Decision No. 16,195
Appeal of L.I., on behalf of her son A.I., from action of the Board of Education of the Miller Place Union Free School District regarding student discipline.
Decision No. 16,195
(January 10, 2011)
Guercio & Guercio, LLP, attorneys for respondent, Richard J. Guercio, Randy Glasser and Kathryn Maier, Esqs., of counsel
STEINER, Commissioner.--Petitioner appeals the decision of the Board of Education of the Miller Place Union Free School District (“respondent”) to discipline her son, A.I. The appeal must be dismissed.
During the 2008-2009 school year, A.I. was a student in respondent’s high school. On February 10, 2009, A.I. became involved in a physical altercation between two other students and physically restrained one of them. On the same day, the district’s high school principal notified petitioner by a hand-delivered letter that he was proposing that A.I. be suspended for three days for “inappropriate physical behavior.” A.I. served the suspension on February 10, 11 and 12, 2009. On February 23, 2009, petitioner requested a conference with the principal, which was held on February 26, 2009. The principal upheld the suspension.
On March 2, 2009, petitioner appealed to the superintendent, who sustained the suspension. On March 20, 2009, petitioner appealed to respondent. On June 2, 2009, respondent notified petitioner by phone that it was sustaining the decision. By letter dated June 16, 2009, respondent notified petitioner that the decision was upheld and advised that A.I.’s suspension would not be on his permanent record. This appeal ensued.
Petitioner argues that she was denied due process because the district failed to provide her with an informal conference prior to the suspension and because respondent failed to respond to her appeal within 30 days. Petitioner also argues that her son should not have been suspended because he intended only to prevent a fellow student from being hurt. Petitioner seeks to have the suspension expunged from her son’s record and the recalculation of eligibility for an outstanding attendance award. Respondent contends that it provided petitioner with due process, that A.I.’s suspension was appropriate, and that the petition is untimely.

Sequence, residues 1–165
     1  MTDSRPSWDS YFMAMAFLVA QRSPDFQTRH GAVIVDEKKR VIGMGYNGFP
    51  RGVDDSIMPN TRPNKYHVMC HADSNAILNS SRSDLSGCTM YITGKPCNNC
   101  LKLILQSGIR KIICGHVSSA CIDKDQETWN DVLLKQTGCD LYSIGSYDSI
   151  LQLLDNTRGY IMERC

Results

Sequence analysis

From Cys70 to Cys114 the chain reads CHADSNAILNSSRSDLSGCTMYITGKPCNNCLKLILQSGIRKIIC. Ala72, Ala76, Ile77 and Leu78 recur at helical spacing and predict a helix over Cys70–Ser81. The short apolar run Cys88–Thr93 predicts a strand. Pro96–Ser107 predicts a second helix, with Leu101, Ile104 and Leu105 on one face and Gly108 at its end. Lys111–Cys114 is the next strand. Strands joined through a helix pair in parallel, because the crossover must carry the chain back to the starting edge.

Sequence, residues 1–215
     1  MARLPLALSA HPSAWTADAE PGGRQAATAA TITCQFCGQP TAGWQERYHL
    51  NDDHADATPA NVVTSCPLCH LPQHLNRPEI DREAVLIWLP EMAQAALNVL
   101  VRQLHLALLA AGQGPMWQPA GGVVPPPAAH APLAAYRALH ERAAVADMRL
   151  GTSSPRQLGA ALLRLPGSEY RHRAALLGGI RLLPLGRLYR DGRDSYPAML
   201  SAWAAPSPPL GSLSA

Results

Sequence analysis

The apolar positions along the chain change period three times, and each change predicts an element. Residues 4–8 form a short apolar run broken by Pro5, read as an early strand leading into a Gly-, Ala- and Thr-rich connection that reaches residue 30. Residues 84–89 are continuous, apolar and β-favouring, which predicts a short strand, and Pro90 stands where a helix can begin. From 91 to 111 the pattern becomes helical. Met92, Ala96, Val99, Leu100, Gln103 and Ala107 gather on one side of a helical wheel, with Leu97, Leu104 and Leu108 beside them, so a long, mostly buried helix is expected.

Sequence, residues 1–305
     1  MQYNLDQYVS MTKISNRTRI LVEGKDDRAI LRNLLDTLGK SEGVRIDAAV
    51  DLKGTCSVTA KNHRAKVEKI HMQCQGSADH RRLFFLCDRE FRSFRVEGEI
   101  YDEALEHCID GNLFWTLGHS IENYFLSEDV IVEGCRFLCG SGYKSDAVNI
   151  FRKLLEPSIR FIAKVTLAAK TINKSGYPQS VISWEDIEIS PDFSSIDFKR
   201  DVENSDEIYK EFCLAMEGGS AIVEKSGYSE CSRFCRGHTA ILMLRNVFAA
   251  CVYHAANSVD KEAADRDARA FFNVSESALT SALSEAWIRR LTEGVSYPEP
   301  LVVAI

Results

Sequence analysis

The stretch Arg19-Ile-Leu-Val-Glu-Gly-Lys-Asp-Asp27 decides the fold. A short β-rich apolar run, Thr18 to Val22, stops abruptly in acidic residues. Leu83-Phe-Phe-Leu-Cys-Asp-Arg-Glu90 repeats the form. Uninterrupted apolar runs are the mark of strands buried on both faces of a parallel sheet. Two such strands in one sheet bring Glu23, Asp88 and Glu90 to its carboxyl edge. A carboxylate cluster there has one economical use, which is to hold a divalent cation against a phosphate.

First, an appeal to the Commissioner must be commenced within 30 days from the making of the decision or the performance of the act complained of, unless any delay is excused by the Commissioner for good cause shown (8 NYCRR §275.16; Appeal of Lippolt, 48 Ed Dept Rep 457, Decision No. 15,914; Appeal of Williams, 48 id. 343, Decision No. 15,879). Although the district informed petitioner by telephone of respondent’s determination on June 2, 2009, petitioner received written notice of respondent’s decision by letter dated June 16, 2009. An affidavit of service reflects that a petition was served on July 9, 2009, within 30 days of petitioner’s written notification of respondent’s decision. By letter dated July 14, 2009, that petition was returned to petitioner by my Office of Counsel because it did not comply with the Commissioner’s regulations. Petitioner was notified that if a corrected petition was served and filed within two weeks from the date of such letter, the appeal would be deemed to have been initiated on the date the original petition was served on respondent. Petitioner re-served a corrected petition on July 20, 2009 and filed the petition on July 23, 2009, within two weeks of the July 14, 2009 letter. The appeal, therefore, is timely (seeAppeal of B.K. and R.K., 44 Ed Dept Rep 195, Decision No. 15,146; Appeal of E.R., 40 id. 599, Decision No. 14,656).